A leading Cambodian rights advocate said Monday the penal code passed by the National Assembly does not meet the requirements of the 1991 Paris Peace Accords, as it does not sufficiently safeguard freedoms of assembly and expression.
“I see that some of the articles are still of concern,” said Pung Chiv Kek , founder of the rights group Licadho, as a guest on “Hello VOA.”
The National Assembly passed the new penal code on Monday, but it mostly ignored recommendations from civic groups, she said.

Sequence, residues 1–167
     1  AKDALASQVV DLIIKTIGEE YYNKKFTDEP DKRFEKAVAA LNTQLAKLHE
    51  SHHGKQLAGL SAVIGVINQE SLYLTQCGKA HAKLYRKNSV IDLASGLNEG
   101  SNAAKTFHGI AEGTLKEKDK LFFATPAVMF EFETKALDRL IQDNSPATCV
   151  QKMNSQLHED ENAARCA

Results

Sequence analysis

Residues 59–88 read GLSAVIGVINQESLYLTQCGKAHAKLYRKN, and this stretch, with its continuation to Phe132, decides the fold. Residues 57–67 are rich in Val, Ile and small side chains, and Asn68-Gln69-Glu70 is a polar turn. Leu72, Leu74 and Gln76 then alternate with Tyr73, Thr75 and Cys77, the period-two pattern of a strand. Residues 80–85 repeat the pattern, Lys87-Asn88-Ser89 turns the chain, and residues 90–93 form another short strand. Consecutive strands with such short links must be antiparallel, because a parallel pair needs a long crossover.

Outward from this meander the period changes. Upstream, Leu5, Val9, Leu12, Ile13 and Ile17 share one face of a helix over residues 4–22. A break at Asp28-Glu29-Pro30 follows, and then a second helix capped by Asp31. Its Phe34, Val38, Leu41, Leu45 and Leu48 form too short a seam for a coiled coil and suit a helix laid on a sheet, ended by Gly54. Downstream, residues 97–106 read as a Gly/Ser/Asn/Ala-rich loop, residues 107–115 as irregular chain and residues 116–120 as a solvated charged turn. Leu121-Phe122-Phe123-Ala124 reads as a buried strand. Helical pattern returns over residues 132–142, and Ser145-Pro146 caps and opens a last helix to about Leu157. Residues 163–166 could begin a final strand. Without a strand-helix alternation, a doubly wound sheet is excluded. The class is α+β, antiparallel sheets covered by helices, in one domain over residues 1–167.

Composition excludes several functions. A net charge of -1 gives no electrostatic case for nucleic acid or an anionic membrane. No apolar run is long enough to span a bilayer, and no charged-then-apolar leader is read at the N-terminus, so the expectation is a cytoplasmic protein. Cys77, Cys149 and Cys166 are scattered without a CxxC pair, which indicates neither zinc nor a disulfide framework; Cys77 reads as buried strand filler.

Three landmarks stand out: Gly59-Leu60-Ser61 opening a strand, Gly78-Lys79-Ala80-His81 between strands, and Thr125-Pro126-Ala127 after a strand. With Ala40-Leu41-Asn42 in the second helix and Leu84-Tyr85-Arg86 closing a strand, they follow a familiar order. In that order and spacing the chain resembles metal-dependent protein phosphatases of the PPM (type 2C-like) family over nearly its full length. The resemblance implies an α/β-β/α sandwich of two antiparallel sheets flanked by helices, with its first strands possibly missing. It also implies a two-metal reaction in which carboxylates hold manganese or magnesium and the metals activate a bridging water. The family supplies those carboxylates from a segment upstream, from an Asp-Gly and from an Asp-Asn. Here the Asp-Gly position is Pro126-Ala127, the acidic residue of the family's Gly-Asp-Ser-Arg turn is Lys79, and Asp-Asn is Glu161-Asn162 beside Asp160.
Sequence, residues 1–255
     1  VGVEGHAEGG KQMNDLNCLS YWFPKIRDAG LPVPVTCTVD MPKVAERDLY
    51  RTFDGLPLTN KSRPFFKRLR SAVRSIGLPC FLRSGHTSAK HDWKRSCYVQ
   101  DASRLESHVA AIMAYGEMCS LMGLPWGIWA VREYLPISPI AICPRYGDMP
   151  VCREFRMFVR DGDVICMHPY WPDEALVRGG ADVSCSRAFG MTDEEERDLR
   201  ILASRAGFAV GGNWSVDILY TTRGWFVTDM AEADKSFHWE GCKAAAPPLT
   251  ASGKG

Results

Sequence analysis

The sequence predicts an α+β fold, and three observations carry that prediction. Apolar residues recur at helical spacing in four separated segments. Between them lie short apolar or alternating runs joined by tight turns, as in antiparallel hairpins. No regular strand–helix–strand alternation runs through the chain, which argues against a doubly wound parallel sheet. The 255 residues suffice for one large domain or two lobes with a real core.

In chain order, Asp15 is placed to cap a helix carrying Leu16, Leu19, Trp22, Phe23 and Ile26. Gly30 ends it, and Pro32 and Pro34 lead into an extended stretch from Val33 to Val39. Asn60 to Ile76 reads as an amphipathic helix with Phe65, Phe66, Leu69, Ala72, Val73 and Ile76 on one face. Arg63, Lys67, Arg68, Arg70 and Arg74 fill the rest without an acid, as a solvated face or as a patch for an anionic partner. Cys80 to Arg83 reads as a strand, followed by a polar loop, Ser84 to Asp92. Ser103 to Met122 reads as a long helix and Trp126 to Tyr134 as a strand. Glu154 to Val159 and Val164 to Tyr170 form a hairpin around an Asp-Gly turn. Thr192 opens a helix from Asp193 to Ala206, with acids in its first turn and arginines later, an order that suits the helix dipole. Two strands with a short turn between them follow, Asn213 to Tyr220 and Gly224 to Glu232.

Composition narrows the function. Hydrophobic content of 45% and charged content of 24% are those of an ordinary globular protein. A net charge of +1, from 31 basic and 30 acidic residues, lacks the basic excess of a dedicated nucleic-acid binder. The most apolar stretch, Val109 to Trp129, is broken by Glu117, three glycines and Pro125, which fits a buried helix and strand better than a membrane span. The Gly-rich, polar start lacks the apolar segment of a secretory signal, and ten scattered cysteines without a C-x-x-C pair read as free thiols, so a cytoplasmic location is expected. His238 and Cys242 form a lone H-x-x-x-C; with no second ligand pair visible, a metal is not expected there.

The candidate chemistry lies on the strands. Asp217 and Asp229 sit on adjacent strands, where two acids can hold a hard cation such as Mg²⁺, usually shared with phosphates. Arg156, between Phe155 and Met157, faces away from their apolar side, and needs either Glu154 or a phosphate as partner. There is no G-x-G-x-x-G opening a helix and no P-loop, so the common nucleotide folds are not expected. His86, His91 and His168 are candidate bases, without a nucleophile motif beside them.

Groups sent “46 points to the National Assembly…but none of it was considered,” she said, including that defamation not be a criminal charge.
In signing the Peace Accords in October 1991, Cambodia signed onto many conventions and treaties meant to follow human rights norms, including rights in politics, assembly, information, speech and expression, she said.
Laws limiting freedoms can hurt development, she added, as sometimes people need to voice their concerns if they find themselves victims of legal violations.
Still, she thanked the government for passing the code, an improvement over Untac laws that had been followed in the meantime.